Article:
“I’ve connected with people in 22 states about joining the movement. I’ve had a woman from France and another woman from Brazil reach out,” Russell said. “It’s a national movement but people on the global scene are interested in what we’re doing here in Ferguson.”
Organizers of the weekend’s mobilizations say a broad spectrum groups are expected to take part in demonstrations, including some organized by church groups, on college campuses and unaffiliated people who’ve been looking for a way to support the protests. A message board for those looking to hitch rides to Ferguson or find lodging boasts inquiries from a number of states across the country.
The ramped up efforts come as a grand jury is mulling whether or not to charge Officer Wilson in Brown’s death. Many on the ground say they have little faith in the grand jury and St. Louis County Prosecutor Bob McCulloch who convened the jury. Many believe the grand jury will not indict Wilson largely because of McCulloch’s historic failure to secure indictments of white officers who shoot unarmed black suspects and because of the odd manner in which he has overseen the grand jury’s deliberations.
Federal, state and local officials have reportedly been meeting behind closed doors to develop an emergency response plan for the city if the jury does not indict Wilson, a move critics say has fueled lingering tension on the streets.
Last week, St. Louis County police took over command of crowd control operations from Ferguson police citing manpower and resource limitations. The change came a day after Ferguson police arrested a dozen protestors for the rather vague charges of language to incite violence, noise violations and resisting arrest.
Earlier this week a federal judge issued an injunction barring police from enforcing what became widely known as the “5-second rule,” in which protesters faced arrest if they stood still in any one place for longer than five seconds.
Since protests in Ferguson began, well over 200 protesters have been arrested, a number of people multiple times.
“Citizens who wish to gather in the wake of Michael Brown’s tragic death have a constitutional right to do so, but they do not have the right to endanger lives of police officers or other citizens,” U.S. District Court Judge Catherine Perry wrote in her ruling, finding the tactic unconstitutional because it violated protesters’ freedom of speech rights, as well as due process.“The police must be able to perform their jobs, and nothing in this order restricts their ability to do that.”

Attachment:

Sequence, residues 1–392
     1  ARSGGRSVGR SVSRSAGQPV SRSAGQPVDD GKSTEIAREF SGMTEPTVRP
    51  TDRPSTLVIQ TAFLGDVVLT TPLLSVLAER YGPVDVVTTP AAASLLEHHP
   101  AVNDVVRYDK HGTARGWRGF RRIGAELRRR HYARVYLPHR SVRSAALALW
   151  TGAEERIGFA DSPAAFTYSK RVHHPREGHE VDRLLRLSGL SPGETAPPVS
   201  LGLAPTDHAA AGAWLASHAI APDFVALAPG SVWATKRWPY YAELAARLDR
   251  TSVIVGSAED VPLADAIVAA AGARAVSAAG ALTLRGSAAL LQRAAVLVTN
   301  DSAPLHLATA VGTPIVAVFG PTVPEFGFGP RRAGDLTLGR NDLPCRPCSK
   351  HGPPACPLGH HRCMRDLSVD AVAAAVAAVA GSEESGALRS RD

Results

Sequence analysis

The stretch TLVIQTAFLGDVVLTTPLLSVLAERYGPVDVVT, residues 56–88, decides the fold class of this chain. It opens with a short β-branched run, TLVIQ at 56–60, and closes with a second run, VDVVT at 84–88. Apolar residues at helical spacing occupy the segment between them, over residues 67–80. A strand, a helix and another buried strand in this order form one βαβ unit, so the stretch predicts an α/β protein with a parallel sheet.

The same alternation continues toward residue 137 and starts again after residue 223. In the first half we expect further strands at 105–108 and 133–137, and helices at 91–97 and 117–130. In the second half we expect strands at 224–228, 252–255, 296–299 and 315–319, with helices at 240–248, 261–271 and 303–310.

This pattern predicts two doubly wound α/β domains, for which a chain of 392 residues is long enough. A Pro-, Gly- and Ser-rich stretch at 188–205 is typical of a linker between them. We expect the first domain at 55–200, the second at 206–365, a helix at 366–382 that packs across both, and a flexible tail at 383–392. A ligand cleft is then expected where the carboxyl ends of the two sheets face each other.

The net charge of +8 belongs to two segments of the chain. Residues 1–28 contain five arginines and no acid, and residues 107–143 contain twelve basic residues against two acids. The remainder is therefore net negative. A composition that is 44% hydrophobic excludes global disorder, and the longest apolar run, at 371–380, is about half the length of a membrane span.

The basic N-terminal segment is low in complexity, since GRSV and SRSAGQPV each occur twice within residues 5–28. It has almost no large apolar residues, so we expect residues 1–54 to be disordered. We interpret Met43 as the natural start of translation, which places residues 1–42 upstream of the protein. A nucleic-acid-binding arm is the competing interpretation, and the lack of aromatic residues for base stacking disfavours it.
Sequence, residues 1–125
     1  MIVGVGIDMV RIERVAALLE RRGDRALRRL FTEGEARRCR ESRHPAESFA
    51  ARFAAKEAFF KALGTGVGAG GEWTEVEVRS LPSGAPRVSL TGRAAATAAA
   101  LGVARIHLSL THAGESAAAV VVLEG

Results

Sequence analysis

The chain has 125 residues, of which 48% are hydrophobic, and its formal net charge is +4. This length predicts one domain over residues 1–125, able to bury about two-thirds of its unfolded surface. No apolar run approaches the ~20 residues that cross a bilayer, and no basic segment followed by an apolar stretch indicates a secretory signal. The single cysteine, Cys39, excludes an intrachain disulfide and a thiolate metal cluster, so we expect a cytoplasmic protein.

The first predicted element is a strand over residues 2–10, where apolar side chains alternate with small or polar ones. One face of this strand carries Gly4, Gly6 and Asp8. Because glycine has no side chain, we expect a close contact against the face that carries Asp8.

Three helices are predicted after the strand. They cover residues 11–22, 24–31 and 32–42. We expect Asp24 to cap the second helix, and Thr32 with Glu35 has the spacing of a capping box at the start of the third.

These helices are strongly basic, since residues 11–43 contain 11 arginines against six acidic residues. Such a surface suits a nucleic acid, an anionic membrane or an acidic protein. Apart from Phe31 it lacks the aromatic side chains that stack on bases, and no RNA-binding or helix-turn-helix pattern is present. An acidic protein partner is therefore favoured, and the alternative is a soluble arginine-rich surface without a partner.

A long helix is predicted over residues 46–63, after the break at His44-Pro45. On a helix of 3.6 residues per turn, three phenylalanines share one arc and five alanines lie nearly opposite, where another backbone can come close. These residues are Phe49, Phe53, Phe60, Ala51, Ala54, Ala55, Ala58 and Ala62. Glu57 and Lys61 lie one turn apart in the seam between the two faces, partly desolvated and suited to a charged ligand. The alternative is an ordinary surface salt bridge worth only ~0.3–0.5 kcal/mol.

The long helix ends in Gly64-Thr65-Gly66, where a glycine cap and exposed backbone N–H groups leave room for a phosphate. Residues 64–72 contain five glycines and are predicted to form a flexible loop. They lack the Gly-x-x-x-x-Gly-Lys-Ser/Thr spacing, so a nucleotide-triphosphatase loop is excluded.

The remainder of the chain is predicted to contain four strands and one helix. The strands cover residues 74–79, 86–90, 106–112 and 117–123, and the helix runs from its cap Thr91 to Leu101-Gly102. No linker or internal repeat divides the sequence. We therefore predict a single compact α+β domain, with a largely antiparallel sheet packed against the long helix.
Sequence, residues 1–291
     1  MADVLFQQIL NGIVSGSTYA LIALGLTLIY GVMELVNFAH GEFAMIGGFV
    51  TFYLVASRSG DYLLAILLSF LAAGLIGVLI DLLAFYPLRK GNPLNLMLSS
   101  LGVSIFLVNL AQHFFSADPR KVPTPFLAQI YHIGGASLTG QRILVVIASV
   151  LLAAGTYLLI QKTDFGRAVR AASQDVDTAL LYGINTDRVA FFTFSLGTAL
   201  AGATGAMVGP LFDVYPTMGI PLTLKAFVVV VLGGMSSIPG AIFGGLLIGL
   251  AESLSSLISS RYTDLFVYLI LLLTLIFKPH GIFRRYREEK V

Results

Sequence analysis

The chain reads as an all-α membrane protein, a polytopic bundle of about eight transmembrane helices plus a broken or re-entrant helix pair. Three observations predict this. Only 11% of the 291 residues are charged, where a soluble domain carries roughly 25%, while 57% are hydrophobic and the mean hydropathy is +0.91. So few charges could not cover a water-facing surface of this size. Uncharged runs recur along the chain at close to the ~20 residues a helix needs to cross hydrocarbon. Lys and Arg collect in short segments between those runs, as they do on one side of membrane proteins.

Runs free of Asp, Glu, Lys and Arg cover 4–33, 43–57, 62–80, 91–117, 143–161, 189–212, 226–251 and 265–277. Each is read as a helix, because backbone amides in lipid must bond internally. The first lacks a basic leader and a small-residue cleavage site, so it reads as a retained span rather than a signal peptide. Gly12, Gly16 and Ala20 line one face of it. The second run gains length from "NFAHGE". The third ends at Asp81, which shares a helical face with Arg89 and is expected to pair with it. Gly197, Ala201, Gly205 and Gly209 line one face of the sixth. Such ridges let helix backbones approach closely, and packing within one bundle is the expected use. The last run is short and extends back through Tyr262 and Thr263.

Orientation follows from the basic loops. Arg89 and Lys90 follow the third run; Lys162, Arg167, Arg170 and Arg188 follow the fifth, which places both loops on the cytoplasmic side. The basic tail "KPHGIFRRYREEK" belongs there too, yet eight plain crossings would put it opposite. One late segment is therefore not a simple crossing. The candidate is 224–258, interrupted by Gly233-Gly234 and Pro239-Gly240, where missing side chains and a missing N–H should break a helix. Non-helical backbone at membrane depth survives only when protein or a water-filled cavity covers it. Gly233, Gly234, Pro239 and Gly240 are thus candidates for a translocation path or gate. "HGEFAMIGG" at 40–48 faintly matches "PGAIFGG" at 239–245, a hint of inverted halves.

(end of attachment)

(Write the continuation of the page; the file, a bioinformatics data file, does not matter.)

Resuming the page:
This weekend will be a major test for local law enforcement, as officials have blamed out of town protesters and anarchist for much of the early violence during clashes between protesters and the police. But the mere presence of officers in riot gear and armed with automatic weapons, aggressively posturing, seemed to spur as much outrage among protesters as anything else.
On Wednesday afternoon, Attorney General Eric Holder joined former President Bill Clinton at a meeting of the U.S. Conference of Mayors in Arkansas to discuss the many lessons learned from the ongoing unrest in Ferguson. Since Ferguson erupted, Holder has visited the city and met with residents and city leaders. He has also called for a large-scale, national review of police bias, techniques and racial profiling.
The Justice Department currently has two open investigations in Ferguson, one on the Brown case and the other looking into the entire Ferguson police department.
“The events in Ferguson reminded us that we cannot and we must not allow tensions, which are present in so many neighborhoods across America, to go unresolved,” Holder said at the meeting.
JOSE DIAZ-BALART, 10/8/14, 10:47 AM ET
Ferguson and community policing discussions
Meanwhile, back in Ferguson, as Brown’s parents have renewed calls for Wilson’s immediate arrest, organizers have laid out an ambition series of demonstrations beginning Friday and ending Monday. The first scheduled action on Friday is a protest rally outside of McCulloch’s office in Clayton to demand that he recuse himself from the case. Another rally is scheduled for Saturday, this one in downtown St. Louis and billed as a “Justice for All” national march. On Sunday, hip hp artists, activists and faith leaders will join forces for a “Hip Hop and Hope” day of action, and the weekend’s events are scheduled to conclude on Monday with widespread civil disobedience actions throughout Ferguson and the St. Louis region.
“The main inspiration that has everyone so together is that Mike Brown Jr. laid out in the street for more than four hours and you can still see his blood right there stained in the street,” said Johnetta Elzie. “If you look past the roses laid out where he died his blood is still there, he is still there.”
“We are steadfast,” she added. “This was an awakening.”